“My Canadian experience has taught me that we absolutely need legal aid. We can’t allow any further cuts.”
Marc Bloomfield
‘Travel to learn,’ said Winston Churchill, ‘return to inspire.’ It’s one of his lesser-known quotations, but applicable to my recent journey to Ontario, Canada to learn about its system of social justice. I was only away two weeks, but a lot seemed to happen during that time: HM Courts and Tribunals Service announced the closure of my court (for the third time); the Ministry of Justice (MoJ) was defeated in the High Court by the Law Society ([2018] EWHC 2094 (Admin); see also here); and it actually rained.
Why Canada?
In February 2018, I was awarded a Churchill Fellowship to travel. It’s a yearly award, competitive, but if you have an idea that can bring positive change for others then you’re in with a chance. Mine had two aspects: looking at the use of ‘Trusted Help’ in Canada, and health/justice partnerships in Australia. This was the first leg of my trip.
It came about because of my experience of seeing increasing numbers of people in housing crisis, not having the help they need in the wake of LASPO. The door of the court is often the first place someone has access to advice and representation, and by this time they have the trauma of possibly losing their home. I wanted to find out how we can help people get early advice, before they reach crisis point, now that legal aid is no longer available for this purpose.
What did I learn?
What I found in Ontario was healthy legal aid provision, fully funded legal clinics and a justice system that puts people at its heart. It has 74 legal clinics that represent on poverty law issues and a private bar that represents on criminal, family and immigration law. The clinics have yearly presumptive funding and the bar is funded by legal aid certificates, similar to the UK.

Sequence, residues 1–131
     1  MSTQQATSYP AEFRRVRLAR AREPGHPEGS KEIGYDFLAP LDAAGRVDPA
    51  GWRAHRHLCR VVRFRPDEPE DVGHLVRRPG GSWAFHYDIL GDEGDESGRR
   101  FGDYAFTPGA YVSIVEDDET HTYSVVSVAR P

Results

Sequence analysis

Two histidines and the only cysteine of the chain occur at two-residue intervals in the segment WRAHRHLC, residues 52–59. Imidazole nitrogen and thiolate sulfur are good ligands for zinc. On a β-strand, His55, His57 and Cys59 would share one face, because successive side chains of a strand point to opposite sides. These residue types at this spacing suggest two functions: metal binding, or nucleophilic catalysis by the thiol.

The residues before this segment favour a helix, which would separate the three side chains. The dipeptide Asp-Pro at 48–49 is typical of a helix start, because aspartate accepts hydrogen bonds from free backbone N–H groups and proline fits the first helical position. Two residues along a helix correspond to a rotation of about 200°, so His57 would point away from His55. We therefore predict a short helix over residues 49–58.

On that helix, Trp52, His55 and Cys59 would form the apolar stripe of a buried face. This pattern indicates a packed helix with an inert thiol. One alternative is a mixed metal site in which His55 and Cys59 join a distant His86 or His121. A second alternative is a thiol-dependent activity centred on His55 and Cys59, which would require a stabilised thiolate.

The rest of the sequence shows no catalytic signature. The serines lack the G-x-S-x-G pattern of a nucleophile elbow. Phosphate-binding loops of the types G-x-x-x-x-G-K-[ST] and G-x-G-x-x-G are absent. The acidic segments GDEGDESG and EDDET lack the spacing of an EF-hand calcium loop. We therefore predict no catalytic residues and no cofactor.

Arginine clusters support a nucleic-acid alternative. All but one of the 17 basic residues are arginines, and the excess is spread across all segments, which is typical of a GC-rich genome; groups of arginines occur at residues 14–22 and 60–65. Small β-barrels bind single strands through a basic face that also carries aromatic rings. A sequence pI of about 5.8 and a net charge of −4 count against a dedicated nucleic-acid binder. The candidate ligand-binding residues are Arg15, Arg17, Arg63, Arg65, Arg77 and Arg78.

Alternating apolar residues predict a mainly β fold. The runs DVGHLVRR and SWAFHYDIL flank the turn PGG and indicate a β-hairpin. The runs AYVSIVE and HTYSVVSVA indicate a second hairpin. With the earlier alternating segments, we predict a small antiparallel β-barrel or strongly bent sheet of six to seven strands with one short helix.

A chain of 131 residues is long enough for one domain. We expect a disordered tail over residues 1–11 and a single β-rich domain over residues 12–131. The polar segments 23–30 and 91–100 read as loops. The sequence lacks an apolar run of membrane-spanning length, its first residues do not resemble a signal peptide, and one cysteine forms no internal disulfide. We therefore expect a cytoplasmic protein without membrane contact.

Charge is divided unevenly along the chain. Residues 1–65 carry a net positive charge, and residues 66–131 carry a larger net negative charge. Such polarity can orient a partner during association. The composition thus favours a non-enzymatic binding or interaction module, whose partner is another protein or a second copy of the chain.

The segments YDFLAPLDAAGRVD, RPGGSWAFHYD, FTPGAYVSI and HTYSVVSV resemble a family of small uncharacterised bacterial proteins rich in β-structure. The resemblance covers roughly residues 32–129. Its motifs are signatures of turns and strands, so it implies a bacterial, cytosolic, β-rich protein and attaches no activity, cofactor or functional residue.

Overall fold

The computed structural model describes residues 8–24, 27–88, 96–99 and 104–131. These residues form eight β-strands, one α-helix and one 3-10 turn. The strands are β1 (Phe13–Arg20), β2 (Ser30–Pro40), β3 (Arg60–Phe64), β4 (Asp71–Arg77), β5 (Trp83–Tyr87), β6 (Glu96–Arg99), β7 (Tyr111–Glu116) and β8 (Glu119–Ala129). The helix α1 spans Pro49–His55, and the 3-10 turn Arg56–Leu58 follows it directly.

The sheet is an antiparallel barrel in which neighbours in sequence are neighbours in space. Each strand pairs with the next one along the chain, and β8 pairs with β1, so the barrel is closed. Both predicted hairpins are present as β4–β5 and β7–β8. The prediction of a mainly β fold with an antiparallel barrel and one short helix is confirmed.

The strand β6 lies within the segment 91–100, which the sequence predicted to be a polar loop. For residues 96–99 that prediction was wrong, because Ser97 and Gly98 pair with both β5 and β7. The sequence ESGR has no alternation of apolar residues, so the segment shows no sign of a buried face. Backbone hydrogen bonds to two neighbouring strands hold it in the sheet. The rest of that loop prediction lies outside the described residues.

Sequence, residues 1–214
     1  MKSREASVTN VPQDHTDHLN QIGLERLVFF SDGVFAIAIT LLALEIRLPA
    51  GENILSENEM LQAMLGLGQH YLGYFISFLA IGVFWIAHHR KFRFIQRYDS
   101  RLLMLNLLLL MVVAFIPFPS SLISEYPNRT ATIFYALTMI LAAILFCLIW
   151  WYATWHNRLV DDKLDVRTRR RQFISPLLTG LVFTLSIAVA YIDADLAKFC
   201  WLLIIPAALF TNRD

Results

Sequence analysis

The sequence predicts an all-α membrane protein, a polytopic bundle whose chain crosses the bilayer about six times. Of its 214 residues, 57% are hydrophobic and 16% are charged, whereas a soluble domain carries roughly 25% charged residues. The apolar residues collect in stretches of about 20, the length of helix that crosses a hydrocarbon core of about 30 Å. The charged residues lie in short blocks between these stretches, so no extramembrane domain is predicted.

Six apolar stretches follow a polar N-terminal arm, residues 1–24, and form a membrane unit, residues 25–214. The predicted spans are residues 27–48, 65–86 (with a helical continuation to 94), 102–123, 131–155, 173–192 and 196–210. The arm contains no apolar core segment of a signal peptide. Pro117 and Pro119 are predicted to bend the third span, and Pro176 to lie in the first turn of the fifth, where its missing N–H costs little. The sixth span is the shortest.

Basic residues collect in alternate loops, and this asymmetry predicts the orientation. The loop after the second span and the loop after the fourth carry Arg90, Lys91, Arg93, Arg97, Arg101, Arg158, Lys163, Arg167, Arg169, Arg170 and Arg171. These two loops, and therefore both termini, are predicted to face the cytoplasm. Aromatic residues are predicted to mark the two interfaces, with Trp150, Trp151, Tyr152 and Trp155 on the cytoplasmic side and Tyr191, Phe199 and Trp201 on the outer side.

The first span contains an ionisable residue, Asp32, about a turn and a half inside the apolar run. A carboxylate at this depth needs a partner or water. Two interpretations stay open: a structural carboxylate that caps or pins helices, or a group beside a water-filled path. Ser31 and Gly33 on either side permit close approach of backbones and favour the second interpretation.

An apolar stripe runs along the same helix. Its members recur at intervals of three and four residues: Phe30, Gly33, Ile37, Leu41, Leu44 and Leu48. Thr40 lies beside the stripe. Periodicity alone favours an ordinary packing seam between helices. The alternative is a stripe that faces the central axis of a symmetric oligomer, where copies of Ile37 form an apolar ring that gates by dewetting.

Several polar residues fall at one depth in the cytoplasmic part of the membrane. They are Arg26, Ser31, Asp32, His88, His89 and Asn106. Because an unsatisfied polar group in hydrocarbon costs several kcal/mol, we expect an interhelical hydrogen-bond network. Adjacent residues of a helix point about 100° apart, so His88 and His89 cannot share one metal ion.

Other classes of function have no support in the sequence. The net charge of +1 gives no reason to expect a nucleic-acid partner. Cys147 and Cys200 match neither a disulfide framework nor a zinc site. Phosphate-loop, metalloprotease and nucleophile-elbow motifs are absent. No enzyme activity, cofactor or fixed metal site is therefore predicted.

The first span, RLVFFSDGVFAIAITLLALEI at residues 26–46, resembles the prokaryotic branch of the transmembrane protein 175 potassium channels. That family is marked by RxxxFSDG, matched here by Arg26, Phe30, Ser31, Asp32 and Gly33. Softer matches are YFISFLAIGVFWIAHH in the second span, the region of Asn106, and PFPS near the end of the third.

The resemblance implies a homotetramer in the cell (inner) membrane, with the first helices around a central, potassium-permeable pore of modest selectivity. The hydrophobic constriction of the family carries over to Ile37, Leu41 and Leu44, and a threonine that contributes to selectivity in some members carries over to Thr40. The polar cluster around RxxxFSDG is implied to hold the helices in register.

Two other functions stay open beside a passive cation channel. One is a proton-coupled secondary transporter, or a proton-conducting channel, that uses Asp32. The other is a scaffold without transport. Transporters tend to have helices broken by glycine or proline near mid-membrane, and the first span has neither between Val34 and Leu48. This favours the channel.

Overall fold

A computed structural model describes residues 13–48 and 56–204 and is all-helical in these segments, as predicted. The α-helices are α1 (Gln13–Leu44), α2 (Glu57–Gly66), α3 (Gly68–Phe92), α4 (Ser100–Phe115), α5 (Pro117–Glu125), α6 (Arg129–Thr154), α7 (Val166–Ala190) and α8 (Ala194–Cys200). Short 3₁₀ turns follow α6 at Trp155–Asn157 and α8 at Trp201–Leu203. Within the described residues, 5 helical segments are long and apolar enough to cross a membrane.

The Law Foundation of Ontario (LFO) was set up in 1974 with a mandate to improve access to justice. It does this by giving 75 per cent of its revenue to Legal Aid Ontario and the remaining 25 per cent to innovative projects, services and research. This revenue derives from interest accrued from mixed trust accounts held by lawyers and paralegals. In the years 2005–14, this averaged $38m per annum.
It’s the LFO that is funding the ‘Trusted Help’ projects. I went to find out more about the upskilling of community workers to ‘issue spot’ and connect people with the lawyers who can help them. Ontario is huge, and distance and language are barriers to accessing legal advice, but the projects are finding ways to resolve these issues. More on this to come in a later issue of Legal Action, but it was such a contrast to my daily experience of working within our legal aid system.
How to inspire?
Well that’s a little harder, but it must be time for change when a High Court judgment opens with: ‘This is another claim for judicial review of a decision by the lord chancellor ... ’ The judgments in both the Law Centres Network1[2018] EWHC 1588 (Admin). and Law Society judicial reviews give me hope. The judicial scrutiny of the MoJ’s decision-making reflects the feelings of irrationality we have long felt over the last decade of cuts. The judicial comments in the Law Society’s judicial review, in response to the MoJ’s case, are scathing. They had no words that were deemed suitable: ‘It is difficult to express in language of appropriate moderation why we consider these arguments without merit.’ Surely the MoJ is no longer fit for purpose, its title now almost Orwellian.
What my Canadian experience has taught me is that we absolutely need legal aid. We can’t allow any further cuts to happen. We need to fight the systemic attack on our justice system together, across the whole sector, on all fronts. Which brings me nicely to one of Churchill’s better-known speeches …

About the author(s)

Description: Sue James
Sue James is CEO of LAG. She was previously director and housing solicitor at Hammersmith & Fulham Law Centre and a founding trustee at Ealing Law...